British shops suffered a fall in last month’s sales for the sixth straight year, hurt by brittle consumer confidence and the ongoing shift to buying online, a survey showed yesterday.
Accountancy and business advisory firm BDO said its monthly High Street Sales Tracker showed in-store high street sales fell by 1.9 percent year-on-year last month — an 11th consecutive month of decline.
Online sales grew 11.9 percent last month, BDO said.
“As retailers suffered the worst year for well over a decade for in-store sales, it’s clear that consumer confidence is low,” said Sophie Michael, head of retail and wholesale at BDO.
“Shoppers have exercised extreme caution or shopped strategically online, seeking out discounts rather than visiting brick and mortar stores or making impulse purchases,” she said, adding that this year is set to be another challenging year for the sector.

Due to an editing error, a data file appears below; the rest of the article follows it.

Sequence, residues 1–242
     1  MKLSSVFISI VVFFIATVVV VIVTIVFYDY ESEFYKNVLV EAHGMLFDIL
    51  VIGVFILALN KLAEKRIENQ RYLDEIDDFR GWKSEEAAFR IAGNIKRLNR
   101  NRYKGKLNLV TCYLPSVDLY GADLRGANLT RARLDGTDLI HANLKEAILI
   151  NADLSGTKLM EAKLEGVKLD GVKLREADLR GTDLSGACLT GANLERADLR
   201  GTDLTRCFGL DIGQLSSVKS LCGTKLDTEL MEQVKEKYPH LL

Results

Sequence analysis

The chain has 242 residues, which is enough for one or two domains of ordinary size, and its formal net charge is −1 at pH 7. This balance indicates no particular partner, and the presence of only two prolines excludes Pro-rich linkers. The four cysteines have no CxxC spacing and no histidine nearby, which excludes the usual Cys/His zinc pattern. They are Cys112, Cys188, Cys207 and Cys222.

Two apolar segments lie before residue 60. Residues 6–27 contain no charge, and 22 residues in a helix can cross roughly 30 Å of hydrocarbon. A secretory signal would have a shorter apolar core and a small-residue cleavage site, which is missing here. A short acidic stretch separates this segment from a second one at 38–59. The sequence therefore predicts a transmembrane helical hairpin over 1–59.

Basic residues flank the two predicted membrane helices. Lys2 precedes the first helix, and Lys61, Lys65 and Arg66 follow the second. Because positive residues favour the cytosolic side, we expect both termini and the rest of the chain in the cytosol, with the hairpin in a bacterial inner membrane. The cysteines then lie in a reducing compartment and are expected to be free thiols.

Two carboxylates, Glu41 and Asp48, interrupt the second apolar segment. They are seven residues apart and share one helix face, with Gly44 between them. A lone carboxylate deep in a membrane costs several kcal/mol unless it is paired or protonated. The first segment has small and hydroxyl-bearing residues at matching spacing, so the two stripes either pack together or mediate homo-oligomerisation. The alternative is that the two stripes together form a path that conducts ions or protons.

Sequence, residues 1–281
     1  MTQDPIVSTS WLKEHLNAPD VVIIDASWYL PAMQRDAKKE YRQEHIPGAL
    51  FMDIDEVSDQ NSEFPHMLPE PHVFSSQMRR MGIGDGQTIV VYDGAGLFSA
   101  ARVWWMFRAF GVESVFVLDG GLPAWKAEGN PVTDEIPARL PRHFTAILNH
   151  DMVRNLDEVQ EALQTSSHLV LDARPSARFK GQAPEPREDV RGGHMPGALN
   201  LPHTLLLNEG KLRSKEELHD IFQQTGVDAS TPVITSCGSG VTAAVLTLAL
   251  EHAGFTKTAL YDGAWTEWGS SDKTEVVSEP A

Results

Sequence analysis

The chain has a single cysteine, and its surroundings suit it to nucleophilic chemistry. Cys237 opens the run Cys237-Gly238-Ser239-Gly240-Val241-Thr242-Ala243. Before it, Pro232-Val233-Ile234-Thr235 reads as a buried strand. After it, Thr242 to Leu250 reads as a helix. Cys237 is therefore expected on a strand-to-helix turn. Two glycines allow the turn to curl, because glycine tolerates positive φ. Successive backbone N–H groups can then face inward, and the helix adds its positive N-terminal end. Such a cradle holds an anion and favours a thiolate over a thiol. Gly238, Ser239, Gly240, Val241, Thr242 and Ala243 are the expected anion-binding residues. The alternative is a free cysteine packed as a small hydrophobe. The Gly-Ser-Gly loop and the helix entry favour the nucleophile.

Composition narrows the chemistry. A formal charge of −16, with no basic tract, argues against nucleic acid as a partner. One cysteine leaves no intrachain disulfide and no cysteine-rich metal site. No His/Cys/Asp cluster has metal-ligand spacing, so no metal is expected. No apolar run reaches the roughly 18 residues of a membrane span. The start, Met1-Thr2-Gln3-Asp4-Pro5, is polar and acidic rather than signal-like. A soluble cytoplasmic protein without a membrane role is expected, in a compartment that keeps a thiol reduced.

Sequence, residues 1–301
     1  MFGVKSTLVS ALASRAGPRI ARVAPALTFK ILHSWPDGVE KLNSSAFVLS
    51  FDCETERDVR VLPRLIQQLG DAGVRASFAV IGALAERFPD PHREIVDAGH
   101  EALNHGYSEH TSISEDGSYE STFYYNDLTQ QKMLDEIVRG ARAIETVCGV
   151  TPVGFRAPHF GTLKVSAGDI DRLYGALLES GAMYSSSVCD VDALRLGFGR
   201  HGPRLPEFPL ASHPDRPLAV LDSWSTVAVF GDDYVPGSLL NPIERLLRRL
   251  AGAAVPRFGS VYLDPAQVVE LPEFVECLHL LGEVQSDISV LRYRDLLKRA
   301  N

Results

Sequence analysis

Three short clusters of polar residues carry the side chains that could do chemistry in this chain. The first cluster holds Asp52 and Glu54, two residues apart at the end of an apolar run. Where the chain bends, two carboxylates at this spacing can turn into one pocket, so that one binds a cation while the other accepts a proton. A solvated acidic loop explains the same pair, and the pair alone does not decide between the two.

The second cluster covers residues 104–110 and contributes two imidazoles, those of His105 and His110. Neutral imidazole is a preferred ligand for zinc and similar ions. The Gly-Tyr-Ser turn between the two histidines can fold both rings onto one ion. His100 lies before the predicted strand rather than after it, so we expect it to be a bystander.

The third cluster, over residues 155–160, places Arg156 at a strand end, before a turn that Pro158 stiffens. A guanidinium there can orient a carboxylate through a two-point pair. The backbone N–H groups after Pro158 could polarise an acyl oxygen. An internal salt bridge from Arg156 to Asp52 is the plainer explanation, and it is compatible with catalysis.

Analysts have highlighted a disconnect between supportive economic factors — with consumers’ real earnings growing and employment levels high — and an apparent reluctance to spend, partly due to uncertainty over Brexit.
Britain’s economic growth slowed to a crawl at the end of last year and the housing market is stalling, according to data published on Friday, less than three months before Brexit day.
Clothing chain Next PLC is the only major listed UK retailer to have reported on Christmas trade so far. It fared better than expected, with a late surge in online demand offsetting steep falls in store sales.
A raft of retailers are due to update next week, including Marks & Spencer Group PLC, Tesco PLC and Sainsbury’s PLC.
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